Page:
However, sometimes the new person simply doesn’t know where to start, and suddenly at six months of age the puppy is dumped into his or her first show—and it’s not a pleasant experience for either the puppy or the handler.
In getting a show puppy ready for a show career, the first thing to remember is it’s never too early to start! And, sooner is better than later; as the puppy gets older, you both lose out on some important developmental stages, and the fact the puppy is just getting bigger and therefore harder to handle. The next is you can never over-socialize your puppy; the more people, dogs, places, things and noises they are exposed to at a young age, the better. Adaptability training is also very important to prevent the dreaded “mommy-itits” which is the bane of every professional handler! One other important point is the more you do with your puppy earlier on, the more you will get out of your dog during adulthood.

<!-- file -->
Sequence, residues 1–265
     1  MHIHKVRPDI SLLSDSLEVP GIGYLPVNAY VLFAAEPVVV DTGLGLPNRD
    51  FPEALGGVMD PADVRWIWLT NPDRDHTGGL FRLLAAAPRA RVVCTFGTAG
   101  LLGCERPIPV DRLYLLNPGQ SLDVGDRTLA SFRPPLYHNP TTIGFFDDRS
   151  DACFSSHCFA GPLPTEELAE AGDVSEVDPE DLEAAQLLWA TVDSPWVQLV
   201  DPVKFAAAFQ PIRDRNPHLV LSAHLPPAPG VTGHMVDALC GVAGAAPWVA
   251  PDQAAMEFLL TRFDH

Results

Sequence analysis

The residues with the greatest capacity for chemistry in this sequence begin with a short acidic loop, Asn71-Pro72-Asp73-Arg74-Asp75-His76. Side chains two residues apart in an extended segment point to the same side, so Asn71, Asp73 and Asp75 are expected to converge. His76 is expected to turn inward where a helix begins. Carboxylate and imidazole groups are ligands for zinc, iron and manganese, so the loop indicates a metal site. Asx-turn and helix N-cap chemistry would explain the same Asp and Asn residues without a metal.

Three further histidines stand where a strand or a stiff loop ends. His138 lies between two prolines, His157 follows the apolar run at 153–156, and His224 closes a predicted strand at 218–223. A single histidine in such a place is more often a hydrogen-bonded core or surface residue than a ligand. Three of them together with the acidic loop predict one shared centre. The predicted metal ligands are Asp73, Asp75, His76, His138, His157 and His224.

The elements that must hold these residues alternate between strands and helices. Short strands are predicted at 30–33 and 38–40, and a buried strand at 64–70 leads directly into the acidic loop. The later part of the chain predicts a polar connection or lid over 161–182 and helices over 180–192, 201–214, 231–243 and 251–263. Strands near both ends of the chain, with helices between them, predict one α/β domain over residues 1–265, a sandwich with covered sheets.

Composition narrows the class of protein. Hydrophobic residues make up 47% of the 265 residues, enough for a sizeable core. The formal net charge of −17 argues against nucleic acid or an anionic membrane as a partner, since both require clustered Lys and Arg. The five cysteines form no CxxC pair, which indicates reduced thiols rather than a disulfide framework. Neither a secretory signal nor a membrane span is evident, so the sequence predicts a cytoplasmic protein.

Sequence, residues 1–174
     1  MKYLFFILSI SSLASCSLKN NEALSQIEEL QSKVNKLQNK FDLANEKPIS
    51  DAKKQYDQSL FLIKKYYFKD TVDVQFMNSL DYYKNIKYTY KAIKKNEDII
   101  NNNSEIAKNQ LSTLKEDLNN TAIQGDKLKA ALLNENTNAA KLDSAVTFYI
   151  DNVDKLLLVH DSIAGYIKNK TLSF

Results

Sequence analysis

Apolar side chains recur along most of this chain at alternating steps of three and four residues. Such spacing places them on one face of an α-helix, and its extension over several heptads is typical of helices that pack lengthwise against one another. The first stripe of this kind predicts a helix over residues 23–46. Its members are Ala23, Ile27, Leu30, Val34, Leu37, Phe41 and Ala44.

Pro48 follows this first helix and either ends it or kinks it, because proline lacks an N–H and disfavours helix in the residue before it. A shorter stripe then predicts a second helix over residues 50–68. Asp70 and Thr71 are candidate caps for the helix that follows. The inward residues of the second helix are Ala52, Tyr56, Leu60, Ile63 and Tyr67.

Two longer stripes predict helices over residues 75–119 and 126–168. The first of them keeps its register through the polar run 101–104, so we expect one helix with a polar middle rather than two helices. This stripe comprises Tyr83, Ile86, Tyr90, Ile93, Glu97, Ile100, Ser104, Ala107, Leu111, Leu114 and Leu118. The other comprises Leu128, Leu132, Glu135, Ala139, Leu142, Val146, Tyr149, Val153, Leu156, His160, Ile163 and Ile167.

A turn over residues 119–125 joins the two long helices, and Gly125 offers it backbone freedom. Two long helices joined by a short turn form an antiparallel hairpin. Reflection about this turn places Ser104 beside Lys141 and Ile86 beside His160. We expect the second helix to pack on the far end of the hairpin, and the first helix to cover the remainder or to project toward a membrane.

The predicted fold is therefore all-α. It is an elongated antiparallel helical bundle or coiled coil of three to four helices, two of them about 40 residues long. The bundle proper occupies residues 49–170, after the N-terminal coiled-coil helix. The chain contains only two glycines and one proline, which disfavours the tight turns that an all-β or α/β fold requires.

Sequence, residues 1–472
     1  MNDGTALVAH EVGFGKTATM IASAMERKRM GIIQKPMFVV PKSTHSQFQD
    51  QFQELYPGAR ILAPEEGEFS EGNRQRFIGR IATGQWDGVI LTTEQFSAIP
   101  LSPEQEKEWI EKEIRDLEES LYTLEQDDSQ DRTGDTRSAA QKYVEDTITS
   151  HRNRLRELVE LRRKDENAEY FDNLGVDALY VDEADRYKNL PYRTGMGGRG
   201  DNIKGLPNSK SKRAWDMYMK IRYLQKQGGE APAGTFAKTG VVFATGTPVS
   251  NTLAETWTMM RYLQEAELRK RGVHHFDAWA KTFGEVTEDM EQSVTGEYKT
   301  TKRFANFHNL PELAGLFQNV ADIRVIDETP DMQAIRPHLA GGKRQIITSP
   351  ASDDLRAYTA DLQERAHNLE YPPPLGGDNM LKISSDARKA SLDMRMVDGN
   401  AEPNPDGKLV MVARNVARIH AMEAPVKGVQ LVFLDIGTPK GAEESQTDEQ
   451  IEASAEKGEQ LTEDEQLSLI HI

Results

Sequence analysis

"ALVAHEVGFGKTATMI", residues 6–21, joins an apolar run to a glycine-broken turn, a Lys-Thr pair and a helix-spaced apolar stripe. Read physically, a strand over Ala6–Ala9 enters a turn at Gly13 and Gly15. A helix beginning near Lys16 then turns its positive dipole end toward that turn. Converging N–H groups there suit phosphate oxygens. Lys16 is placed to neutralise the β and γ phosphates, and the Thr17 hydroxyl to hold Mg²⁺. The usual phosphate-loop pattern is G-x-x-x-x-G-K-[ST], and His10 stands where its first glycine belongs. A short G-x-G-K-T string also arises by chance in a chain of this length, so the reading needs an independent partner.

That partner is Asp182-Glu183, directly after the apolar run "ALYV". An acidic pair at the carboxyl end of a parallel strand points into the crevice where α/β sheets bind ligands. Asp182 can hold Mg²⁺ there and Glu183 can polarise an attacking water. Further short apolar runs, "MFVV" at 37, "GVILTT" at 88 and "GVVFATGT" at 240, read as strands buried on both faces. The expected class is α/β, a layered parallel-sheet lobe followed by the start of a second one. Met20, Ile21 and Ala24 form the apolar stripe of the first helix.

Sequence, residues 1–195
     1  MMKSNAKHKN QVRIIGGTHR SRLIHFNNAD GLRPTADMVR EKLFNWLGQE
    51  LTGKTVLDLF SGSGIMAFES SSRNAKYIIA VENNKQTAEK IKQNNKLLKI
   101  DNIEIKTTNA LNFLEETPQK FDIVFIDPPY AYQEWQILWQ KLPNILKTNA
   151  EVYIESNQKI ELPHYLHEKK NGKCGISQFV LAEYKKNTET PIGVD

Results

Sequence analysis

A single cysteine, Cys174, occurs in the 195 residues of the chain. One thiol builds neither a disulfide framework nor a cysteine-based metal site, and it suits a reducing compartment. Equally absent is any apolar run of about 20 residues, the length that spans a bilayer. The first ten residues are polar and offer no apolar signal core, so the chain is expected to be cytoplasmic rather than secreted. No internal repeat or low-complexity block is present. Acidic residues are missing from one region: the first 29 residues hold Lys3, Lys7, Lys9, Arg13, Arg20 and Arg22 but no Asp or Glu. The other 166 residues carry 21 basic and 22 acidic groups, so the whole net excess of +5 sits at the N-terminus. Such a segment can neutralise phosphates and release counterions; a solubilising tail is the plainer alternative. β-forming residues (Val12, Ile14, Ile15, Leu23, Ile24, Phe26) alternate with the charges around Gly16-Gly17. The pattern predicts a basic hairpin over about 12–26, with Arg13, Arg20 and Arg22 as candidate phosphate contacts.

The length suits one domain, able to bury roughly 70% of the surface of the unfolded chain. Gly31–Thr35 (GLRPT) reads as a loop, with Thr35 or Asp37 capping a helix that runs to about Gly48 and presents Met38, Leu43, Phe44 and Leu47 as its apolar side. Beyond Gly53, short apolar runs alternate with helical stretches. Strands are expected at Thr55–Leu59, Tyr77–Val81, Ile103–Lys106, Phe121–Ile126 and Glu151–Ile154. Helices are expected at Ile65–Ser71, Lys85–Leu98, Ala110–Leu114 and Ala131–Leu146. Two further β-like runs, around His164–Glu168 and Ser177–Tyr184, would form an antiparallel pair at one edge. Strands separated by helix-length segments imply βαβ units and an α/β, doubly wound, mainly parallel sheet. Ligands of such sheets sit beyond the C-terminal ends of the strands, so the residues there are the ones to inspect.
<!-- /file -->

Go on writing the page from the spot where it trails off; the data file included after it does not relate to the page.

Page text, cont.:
Another very important point is “baby steps”. When starting out with the young puppy, many people expect too much, too soon. And they try to put the whole thing together at once instead of teaching pieces and then putting it all together. An example is the new person taking their untrained puppy to a handling class; the instructor is trying to get you to stack your puppy, when the puppy doesn’t know how to hold still, is not used to having his legs handled, and is freaking out about the collar up around the ears. Too much too soon!
Below I will cover a few points I think are very important in starting a puppy out for the ring and hopefully the reader will find helpful. For the purpose of this article, we will assume the puppy is of normal Dane temperament, and the owner is not dealing with any excessively shy or other temperament problems. That’s an article for another day!